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Exit Interview: Cory Joseph played the best ball of his career with the Detroit Pistons

Joseph’s brand of controlled chaos is maddening, but he played perhaps the best ball of his career in Detroit

Photo by Rey Del Rio/Getty Images

Cory Joseph was traded to Detroit mid-season seemingly for his contract. The Pistons parted with the competent, effective, wholly unremarkable Delon Wright for Joseph, a second-round pick and swapping out Wright’s guaranteed salary for next season for the relatively partial guarantee of Joseph.

Grab an asset and create some financial flexibility when you waive Joseph, which the team would certainly do, the conventional wisdom said. Now, however, you wonder if a combination of Joseph’s play and Detroit’s financial situation and draft position makes that a much tougher decision this offseason.

The Good

I’ll admit that I personally find watching Joseph on the floor to be a tough ask. He plays with this out-of-control style, roiling up and down the court and it’s a wonder he doesn’t have 10 turnovers per game. The truth of the matter, however, is that while it looks out of control, it is actually a barley-in-control style, and Joseph makes it work for him.

I decided that it always looks like Joseph’s on the court, but the hardwood floor is like a waterbed. Only Cory has mastered how to navigate the ripples and waves. The numbers as a Piston are tough to argue with, after all.

Joseph had a career-high 58.8 true shooting percentage as a member of the Pistons, and the offense performed much better with him on the court. He has the honor(?) of being the only player on a 20-win team to finish the season with a positive net rating, with Detroit outscoring opponents by 0.5 points per 100 possessions in his 502 minutes.

That is because he hit career highs from the field, 3-point land, the charity stripe and created 1.2 steals per game to just 1.8 turnovers with his 5.5 assists. He also managed to shoot a mind-blowing 70.9% in the restricted area. That ranked fourth in the NBA among guards with at least 100 attempts in that zone.

To me, this is the quintessential Cory Joseph play. He looks like he might fall over, his handle is way too wide, but he knows enough to take exactly what the defense will give him, and he is talented enough to make a team pay for it.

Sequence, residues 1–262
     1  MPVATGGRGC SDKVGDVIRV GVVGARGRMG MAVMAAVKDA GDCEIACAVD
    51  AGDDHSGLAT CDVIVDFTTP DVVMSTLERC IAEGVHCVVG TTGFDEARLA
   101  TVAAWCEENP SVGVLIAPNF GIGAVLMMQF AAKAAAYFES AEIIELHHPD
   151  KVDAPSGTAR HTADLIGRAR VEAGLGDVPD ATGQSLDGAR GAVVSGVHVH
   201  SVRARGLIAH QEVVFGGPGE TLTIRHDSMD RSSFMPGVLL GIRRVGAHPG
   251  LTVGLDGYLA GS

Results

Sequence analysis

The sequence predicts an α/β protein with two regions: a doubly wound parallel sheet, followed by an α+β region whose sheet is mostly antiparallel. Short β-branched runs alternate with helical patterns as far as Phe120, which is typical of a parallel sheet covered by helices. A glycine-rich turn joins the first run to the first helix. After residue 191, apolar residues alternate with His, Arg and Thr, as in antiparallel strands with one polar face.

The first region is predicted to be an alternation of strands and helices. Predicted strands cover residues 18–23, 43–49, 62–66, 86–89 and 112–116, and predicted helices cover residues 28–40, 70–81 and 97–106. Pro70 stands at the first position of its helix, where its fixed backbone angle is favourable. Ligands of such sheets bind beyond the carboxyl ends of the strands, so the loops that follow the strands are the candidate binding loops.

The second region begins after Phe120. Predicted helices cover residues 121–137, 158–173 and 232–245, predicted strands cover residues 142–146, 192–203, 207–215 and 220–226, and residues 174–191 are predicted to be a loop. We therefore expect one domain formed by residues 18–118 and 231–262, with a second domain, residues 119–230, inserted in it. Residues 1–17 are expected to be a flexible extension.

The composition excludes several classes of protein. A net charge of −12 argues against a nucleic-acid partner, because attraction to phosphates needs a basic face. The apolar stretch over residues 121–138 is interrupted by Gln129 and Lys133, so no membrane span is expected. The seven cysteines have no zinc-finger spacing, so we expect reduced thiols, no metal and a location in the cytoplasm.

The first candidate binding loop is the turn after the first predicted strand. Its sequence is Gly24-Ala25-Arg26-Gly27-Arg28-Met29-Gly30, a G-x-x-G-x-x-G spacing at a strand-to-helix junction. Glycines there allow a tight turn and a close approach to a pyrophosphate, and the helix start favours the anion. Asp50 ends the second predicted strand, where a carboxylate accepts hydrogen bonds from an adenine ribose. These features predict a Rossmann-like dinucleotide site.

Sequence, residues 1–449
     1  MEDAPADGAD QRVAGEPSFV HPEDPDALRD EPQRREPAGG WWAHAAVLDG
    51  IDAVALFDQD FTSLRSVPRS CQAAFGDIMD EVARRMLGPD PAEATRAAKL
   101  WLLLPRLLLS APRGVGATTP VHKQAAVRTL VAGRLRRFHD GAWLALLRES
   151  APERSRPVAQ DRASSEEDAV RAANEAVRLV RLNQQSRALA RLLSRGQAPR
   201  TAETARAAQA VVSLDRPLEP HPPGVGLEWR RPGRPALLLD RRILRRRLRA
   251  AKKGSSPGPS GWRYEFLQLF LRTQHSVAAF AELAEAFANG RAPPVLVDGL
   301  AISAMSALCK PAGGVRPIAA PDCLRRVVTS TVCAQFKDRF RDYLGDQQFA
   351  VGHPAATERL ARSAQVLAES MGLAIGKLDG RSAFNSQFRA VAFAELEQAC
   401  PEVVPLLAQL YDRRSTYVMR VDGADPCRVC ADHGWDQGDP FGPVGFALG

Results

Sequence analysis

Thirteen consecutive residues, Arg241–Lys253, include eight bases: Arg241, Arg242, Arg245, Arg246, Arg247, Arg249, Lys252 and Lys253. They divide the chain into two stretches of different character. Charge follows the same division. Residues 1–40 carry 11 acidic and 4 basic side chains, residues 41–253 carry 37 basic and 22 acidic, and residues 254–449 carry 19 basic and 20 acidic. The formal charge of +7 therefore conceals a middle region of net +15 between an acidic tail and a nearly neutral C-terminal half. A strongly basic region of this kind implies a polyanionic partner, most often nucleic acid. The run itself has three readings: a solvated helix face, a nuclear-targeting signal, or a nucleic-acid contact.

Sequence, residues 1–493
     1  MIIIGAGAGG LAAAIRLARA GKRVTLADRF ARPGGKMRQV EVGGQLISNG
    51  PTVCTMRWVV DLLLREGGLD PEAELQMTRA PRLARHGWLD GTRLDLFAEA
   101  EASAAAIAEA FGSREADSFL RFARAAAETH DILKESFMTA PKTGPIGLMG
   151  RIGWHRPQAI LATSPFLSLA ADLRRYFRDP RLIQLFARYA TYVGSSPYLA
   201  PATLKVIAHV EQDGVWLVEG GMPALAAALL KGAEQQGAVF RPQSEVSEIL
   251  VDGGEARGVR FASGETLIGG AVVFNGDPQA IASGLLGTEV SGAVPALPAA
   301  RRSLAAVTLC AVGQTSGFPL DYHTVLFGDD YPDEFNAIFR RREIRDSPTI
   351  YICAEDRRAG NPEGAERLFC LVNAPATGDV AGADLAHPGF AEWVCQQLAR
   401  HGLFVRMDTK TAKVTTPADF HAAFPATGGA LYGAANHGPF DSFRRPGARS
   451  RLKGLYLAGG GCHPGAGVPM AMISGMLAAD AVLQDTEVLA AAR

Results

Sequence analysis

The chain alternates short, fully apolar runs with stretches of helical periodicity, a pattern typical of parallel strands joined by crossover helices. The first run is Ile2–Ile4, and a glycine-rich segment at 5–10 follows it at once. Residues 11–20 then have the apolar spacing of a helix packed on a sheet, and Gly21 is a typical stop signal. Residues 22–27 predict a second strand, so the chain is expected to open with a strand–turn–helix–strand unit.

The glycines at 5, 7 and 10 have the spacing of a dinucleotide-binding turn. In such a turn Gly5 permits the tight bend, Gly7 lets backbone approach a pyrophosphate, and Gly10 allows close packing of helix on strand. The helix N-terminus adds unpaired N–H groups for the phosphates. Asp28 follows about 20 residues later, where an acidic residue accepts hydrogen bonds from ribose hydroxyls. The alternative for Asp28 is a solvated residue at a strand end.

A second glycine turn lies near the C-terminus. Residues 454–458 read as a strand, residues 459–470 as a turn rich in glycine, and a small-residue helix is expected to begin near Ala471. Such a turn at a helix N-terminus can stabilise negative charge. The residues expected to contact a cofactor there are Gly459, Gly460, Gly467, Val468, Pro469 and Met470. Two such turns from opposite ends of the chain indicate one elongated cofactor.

The Bad

A 500-minute sampling of good basketball is nice and all, but we have 8.5 seasons of Cory Joseph basketball, and we have a good sense of what he can bring to a basketball team. And it’s ... mostly OK?

He’s not an exceptional passer, he’s a poor defender and while he shot 36% from 3 in Detroit, he’s a career 33.3% 3-point shooter. He’s also a poor defender who plays even smaller than his 6-foot-3, 200-pound frame would indicate. He’s a classic tweener guard, though he was mostly pressed into action as a point guard after arriving in Detroit.

He had a great offensive run in Detroit, but he gave most of it back on the other end. On a rebuilding team like the Pistons, that was fine. Detroit needed a guard who could reliably run the offense, take a little bit of pressure off of Jerami Grant, and serve as mentor to Killian Hayes and Saben Lee. But a poor defender with an iffy offensive track record might make sense for Detroit to run back.

Will He Stay or Will He Go?

This is where things get interesting for Joseph. He has a $12.6 million contract for next season, but just $2.4 million is guaranteed. One of the byproducts of Detroit being rewarded the No. 1 pick as opposed to something like the sixth overall pick is more than $3 million in guaranteed cash.

That means the Pistons won’t have a terrible amount of space whether they keep Joseph or let him walk. Another consideration with the team grabbing the first pick is likely using it on a lead ball handler like Cade Cunningham.

At worst, the Pistons would view him as a lead ball handler and they might even view him as a point guard. With incumbent point guard Killian Hayes set to return and get a bunch of minutes at both guard spots in a split with Cade, and the potential return of Saben Lee, is there a spot for Joseph to return?

That boils down to whether the Pistons think they need a vet behind those three young guards, whether they are comfortable paying a vet more than $12 million to play spot minutes and whether they would want said vet to, perhaps, have a more reliable 3-point shot considering shooting is a weakness of both Hayes and Lee at the moment.

If I had to guess right now, Joseph will not return to the Pistons. It’s possible Detroit could release him to sign a third point guard for closer to the minimum and use some extra cash on wing or big man depth, or they could make further moves with other vets on the roster to open up some more serious cap space. But Joseph seems like an odd man out in Detroit.

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